In religion[edit]

Religious life is considered a fundamental aspect of life for a significant portion of the Greek population. According to a 2005 poll, 81% of Greeks believed that there is a God. This percentage made Greece the third highest-ranking country in the European Union for this poll. Additionally, the Greek Orthodox faith is recognized as the dominant religion in Greek society. In both urban and rural communities, women play an active role in Greek religion and in general women are more avid churchgoers than men. The idea of women being more dedicated to their attendance at church is seen across the Mediterranean.[8]

Despite women's consistency in attending church, tradition (not the official church) restricts women due to their unique physiological processes. The tradition that a woman is not allowed to enter the church during her menstrual cycle or for forty days after she has given birth is still observed today; however, it is becoming less common among younger women. During these times, women are known to stand outside of the church and listen to the message. Traditionally, women occupied the left side of the nave of the Church and men the right side. This tradition is fast disappearing, easily noted if one attends Greek Orthodox Church services today.[8]

In politics[edit]

For many countries, including Greece, the idea of women in politics was until recently a controversial topic. The entering of women into the political arena has been very slow.[21] Because of this weak representation of women in politics, Greece traditionally ranked at the bottom of the list for women's involvement in the government. Greek women's limited participation in politics suggests that the stereotype of women being better suited for a domestic environment is still widespread in both rural and urban communities. However, women have made strides within the past few years, and in the 2004 election a woman named Prof. Helen Louri was appointed as Senior Economic Advisor to the Prime Minister.[22] In recent years, the proportion of women in politics has increased rapidly, and as of 2014 there were 21.0% women in parliament.[23]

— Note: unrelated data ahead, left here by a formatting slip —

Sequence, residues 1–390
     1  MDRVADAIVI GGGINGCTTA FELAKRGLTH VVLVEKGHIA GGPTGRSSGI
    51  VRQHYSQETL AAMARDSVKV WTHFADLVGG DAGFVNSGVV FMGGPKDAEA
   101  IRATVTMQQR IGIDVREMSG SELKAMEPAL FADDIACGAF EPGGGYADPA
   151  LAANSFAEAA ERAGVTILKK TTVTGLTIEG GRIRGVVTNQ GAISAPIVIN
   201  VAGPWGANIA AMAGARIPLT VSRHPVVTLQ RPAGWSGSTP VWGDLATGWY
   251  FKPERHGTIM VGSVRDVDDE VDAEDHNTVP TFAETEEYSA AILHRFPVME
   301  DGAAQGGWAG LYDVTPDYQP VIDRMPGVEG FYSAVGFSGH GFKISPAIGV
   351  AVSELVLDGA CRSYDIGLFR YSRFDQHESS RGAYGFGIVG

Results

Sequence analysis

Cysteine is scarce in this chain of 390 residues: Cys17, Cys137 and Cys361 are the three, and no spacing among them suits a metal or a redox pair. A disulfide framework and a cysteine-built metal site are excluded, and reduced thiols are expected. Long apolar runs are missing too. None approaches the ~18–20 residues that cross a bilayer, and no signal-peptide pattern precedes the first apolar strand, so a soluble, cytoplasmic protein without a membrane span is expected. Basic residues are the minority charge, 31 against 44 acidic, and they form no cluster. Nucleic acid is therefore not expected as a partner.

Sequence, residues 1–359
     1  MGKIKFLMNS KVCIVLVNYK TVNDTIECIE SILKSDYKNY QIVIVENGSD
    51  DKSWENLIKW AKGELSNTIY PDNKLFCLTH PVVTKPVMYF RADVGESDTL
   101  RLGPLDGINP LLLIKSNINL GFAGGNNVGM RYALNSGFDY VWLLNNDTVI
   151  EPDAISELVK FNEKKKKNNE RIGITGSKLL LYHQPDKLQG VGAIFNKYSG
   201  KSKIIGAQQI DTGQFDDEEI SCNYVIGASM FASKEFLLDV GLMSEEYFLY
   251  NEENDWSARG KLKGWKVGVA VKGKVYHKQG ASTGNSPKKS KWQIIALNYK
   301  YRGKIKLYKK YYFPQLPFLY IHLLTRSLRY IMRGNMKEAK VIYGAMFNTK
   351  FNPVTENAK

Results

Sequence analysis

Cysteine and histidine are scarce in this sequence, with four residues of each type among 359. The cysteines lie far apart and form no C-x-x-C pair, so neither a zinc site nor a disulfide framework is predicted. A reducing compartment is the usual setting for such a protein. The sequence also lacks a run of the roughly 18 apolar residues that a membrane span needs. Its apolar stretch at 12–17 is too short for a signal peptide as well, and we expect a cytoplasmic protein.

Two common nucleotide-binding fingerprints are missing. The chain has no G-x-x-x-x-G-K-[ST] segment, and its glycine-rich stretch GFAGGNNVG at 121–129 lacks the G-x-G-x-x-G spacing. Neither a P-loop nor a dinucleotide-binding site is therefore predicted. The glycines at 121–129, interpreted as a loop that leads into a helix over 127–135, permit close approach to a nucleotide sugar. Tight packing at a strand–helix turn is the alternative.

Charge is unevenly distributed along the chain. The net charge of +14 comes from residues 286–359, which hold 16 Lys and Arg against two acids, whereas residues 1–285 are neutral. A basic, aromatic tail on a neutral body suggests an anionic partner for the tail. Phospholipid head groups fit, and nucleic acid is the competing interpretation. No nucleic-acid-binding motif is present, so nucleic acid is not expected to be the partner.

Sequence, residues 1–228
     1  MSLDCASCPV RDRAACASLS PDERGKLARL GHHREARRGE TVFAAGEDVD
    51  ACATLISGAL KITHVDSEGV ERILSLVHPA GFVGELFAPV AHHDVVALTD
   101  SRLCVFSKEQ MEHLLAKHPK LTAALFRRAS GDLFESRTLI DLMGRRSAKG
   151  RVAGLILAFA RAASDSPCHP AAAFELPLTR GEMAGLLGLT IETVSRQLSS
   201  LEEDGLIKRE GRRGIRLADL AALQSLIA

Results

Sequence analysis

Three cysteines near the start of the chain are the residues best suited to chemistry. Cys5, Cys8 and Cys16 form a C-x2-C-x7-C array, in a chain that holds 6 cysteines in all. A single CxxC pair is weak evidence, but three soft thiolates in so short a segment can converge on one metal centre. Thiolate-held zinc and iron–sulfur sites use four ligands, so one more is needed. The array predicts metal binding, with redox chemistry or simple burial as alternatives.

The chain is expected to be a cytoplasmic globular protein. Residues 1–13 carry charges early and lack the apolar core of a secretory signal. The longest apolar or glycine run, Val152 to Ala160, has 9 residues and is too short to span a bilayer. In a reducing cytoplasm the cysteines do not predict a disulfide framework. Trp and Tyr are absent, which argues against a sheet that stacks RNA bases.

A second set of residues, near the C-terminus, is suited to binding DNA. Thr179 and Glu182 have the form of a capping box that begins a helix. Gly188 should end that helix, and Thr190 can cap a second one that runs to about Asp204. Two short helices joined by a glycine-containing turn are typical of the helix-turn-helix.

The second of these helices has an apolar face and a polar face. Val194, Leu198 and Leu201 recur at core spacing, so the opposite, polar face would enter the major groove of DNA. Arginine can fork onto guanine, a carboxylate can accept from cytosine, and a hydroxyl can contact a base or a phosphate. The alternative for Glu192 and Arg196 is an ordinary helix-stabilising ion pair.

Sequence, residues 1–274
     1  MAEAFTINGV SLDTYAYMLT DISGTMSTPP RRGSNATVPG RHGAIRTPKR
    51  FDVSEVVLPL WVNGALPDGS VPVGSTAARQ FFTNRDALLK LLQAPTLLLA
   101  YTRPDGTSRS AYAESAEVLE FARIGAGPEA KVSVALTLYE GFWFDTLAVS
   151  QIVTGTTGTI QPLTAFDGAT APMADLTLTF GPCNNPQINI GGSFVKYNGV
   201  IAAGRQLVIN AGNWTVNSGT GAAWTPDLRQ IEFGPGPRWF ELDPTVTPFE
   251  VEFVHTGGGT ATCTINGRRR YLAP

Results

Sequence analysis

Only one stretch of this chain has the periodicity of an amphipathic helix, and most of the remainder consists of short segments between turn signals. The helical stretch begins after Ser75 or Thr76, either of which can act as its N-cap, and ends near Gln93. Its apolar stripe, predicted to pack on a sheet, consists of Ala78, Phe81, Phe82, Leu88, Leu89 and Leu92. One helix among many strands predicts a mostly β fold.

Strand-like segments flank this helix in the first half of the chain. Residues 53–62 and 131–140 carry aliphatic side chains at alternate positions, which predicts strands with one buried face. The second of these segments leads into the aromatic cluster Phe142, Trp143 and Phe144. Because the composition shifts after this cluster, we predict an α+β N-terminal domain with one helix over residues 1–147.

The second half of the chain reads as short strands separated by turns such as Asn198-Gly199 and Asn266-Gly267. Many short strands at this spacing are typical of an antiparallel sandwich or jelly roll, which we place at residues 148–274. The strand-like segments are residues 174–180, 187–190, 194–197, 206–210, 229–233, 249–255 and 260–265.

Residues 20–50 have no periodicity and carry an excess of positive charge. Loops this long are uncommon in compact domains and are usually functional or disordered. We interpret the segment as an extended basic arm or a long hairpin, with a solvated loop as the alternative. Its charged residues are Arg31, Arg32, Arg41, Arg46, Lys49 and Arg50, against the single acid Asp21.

Women's organizations[edit]

The following list contains Greece’s National Women’s Organizations:

  • Greek League for Women's Rights
  • Panhellenic Women's Movement
  • International Association for Feminist Economics: Greece
  • Political Union of Women
  • Greek Women's Association
  • League of Women Scholars
  • Federation of Women of Greece
  • Association of Greek Women in Legal Professions
  • European Forum of Leftwing Feminists –the Greek Chapter
  • Association of Greek Homemakers
  • Progressive Women's Organization
  • Democratic Women's Movement
  • League of Women Entrepreneurs and Professionals of Athens

See also[edit]


  1. ^ Ersoy, Ahmet; Gorny, Macie J.; Kechriotis, Vangelis, eds. (28 October 2010). Modernism: The Creation of Nation States. Central European University Press. pp. 125–130. ISBN 978-9-63-732661-5.
  2. ^ a b c Stamiris, Eleni. 1986 The Women's Movement in Greece. New Left Review I. 1(158): 98–112.
  3. ^ "Greece Approves Family Law Changes". The New York Times. 25 January 1983. Retrieved 9 February 2017.